BBC Newsline investigates deer carting issue
The animal lay silently in the darkness of the trailer, its eyes burning red in the viewfinder of the men's night-vision camera.
It seemed unperturbed by their presence, familiar with human attention.
The two men knew the farm complex well. They had been here many times. They knew that deer were kept here in pens, fed, watered, cared for.
They finished filming the animal, almost silently closed the trailer's hatch, and slipped away into the night. They would see this animal again - soon.
For some time, the USPCA had believed deer from the farm complex, near Hillsborough, were being 'carted' to be used in hunts. 'Carting' is when captive animals are moved by trailer to a location then released to be hunted.
When BBC Newsline learned that a hunt was to be held last Thursday, the charity decided to mount a surveillance operation at the farm. On Wednesday evening, they watched as a deer was loaded into a trailer.
On Thursday morning, they followed the trailer to a location close to Katesbridge. Nearby, the County Down hunt was saddling up and moving out.
All day, the animal remained in the trailer. People approached it, but it was not released. That night, it was moved into a shed at the same location.
There it remained for four days
On Tuesday, once again, BBC Newsline had learned a hunt was to take place, once again it was to be in the Katesbridge area.
The USPCA were still watching the deer. Around half a mile away, the hunt began to assemble.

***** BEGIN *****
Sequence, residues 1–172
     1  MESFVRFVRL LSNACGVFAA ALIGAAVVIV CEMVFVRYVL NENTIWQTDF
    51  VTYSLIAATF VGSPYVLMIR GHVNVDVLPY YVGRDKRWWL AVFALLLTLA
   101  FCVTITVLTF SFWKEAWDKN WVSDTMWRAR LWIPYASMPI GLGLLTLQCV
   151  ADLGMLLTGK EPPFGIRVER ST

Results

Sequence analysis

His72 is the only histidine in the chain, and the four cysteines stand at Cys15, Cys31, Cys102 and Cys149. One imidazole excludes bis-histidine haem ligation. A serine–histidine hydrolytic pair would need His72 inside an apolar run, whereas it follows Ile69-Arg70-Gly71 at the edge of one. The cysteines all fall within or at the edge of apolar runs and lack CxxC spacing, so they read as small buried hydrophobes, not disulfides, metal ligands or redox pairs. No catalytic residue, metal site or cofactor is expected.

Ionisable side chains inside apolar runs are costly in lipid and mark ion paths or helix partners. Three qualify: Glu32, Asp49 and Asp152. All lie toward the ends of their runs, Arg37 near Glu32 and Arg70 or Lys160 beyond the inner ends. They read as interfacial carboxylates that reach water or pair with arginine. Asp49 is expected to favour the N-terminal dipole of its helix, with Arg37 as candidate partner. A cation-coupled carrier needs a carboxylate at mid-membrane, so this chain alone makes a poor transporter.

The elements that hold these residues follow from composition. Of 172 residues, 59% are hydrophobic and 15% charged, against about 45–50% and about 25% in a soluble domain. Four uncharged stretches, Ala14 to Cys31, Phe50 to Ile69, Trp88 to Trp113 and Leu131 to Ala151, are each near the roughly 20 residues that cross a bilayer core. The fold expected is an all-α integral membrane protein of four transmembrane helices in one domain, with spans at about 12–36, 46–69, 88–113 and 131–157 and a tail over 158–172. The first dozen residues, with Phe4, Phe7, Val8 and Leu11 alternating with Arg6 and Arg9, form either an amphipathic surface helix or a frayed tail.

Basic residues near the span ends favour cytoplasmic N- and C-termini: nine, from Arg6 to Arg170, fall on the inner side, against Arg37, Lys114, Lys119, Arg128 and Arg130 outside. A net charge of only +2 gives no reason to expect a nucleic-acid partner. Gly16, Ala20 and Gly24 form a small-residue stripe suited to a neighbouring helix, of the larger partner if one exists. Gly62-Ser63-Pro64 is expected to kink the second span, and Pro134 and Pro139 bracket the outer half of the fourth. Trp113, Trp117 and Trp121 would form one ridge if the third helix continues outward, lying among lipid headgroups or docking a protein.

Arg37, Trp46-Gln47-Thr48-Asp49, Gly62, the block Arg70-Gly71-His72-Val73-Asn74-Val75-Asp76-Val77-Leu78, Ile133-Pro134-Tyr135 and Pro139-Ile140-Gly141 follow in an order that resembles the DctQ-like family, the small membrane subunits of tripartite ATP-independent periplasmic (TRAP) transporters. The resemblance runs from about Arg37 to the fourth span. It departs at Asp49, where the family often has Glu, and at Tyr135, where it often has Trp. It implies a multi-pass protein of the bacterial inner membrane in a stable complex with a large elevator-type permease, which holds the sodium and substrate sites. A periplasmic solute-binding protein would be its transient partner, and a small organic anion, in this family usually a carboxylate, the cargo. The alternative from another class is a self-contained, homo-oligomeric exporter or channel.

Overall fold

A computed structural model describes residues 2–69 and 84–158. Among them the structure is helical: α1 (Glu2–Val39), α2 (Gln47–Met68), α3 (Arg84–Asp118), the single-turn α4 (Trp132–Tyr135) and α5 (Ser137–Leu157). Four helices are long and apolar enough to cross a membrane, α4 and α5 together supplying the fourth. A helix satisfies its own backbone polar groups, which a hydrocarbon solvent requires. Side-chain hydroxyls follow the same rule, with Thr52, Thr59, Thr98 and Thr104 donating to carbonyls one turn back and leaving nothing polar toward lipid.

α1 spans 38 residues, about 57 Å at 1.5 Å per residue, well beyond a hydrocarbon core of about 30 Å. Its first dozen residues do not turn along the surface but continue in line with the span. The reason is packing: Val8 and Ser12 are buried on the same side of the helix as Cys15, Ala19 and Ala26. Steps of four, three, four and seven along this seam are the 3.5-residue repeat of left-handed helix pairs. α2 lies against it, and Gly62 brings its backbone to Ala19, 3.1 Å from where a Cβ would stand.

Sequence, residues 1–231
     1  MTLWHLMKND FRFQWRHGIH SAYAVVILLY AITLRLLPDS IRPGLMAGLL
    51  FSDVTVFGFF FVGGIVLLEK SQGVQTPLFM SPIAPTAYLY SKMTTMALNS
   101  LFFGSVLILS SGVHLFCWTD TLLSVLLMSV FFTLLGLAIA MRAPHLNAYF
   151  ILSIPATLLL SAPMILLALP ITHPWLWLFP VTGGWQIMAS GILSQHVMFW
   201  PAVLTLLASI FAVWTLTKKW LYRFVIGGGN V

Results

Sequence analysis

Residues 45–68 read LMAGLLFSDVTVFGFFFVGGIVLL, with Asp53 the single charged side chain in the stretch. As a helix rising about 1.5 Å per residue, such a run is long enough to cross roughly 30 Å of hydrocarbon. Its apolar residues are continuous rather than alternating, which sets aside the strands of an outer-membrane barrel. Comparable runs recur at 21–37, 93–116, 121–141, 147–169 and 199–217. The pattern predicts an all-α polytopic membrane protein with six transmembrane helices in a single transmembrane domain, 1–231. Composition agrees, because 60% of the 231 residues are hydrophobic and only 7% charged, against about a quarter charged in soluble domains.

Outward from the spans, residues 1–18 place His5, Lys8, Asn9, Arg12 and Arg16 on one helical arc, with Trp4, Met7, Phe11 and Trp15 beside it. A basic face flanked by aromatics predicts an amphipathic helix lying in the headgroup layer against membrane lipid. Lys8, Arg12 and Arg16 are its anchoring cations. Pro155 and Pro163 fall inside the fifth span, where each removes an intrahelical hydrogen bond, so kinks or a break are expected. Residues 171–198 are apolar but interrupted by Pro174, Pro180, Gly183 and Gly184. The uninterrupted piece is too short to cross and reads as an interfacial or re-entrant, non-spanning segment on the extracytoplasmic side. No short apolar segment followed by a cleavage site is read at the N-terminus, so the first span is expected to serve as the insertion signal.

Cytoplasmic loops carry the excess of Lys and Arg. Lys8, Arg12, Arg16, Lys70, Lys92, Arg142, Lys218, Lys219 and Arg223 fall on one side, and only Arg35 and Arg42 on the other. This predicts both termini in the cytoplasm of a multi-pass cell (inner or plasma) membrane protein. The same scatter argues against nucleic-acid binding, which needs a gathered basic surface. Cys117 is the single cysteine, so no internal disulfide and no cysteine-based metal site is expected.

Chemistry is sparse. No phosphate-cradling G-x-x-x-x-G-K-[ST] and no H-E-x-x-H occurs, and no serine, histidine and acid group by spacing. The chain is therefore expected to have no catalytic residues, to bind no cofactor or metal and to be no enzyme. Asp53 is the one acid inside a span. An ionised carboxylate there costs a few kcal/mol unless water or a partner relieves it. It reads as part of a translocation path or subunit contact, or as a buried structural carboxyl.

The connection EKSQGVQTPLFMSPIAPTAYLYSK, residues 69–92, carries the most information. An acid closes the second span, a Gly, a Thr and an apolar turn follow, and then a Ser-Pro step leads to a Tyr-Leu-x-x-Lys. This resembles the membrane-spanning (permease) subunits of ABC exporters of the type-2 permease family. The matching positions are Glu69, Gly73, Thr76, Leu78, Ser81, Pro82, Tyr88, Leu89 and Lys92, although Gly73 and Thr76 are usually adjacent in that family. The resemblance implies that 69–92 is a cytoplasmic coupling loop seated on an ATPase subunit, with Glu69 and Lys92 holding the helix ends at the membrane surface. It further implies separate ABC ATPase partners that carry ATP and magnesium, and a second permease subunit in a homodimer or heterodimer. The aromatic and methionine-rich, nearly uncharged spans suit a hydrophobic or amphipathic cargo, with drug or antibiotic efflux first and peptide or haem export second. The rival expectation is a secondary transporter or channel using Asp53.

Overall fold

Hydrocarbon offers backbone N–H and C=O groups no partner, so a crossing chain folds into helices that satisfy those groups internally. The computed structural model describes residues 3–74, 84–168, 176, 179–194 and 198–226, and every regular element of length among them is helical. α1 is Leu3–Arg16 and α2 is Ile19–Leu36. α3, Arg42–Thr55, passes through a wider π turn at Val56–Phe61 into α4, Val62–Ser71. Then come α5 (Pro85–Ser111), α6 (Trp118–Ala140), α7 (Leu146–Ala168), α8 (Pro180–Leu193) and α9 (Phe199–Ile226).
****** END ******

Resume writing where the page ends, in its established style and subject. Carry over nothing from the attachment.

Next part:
As the time for the riders to set off drew nearer, the activity intensified around the deer's shed. A fence was erected to guide the animal out and a mounted rider wearing hunt livery circled nearby.
Almost simultaneously with the hunt setting off, the deer was finally released. The lone rider pursued it up a nearby hill. Within six minutes, the rest of the hunt came galloping past the shed before following the deer's trail up the hill.
Throughout the afternoon, we followed the hunt. Often, we found ourselves among its followers and supporters.
At times, I could have reached out to touch the horses. But we couldn't film anything without risking giving away our presence.
As afternoon began to slide towards evening, it was clear the hunt was winding down. It appeared the deer had got away. I decided to approach some of those taking part.
Most of the riders wore black jackets, three wore red. I had been told these were the people I needed to speak to, the masters.
The first rider decided not to speak to me but, instead, to urge his walking horse into a gentle trot - away from me.
The second huntsman was willing to talk. He insisted they only ever hunted "outliers", a common term in hunting circles for deer living in the wild.
I told him what we had witnessed, but he again insisted they only ever hunted "outliers".
So, had we witnessed a criminal act?
Well, the USPCA believes we had, the department of agriculture suspects we had, the courts have yet to decide.
The law says it is an offence to hunt a protected animal. It also says any animal under the control of man, permanently or temporarily, is a protected animal.
This deer was clearly under the control of man, and so a protected animal, up until the point of its release. The legal question though is whether or not that status still applied after its release.
The legislation involved is the Welfare of Animals Act (NI) which was updated in 2011.
So far, that act has not been tested in court in relation to 'carting'.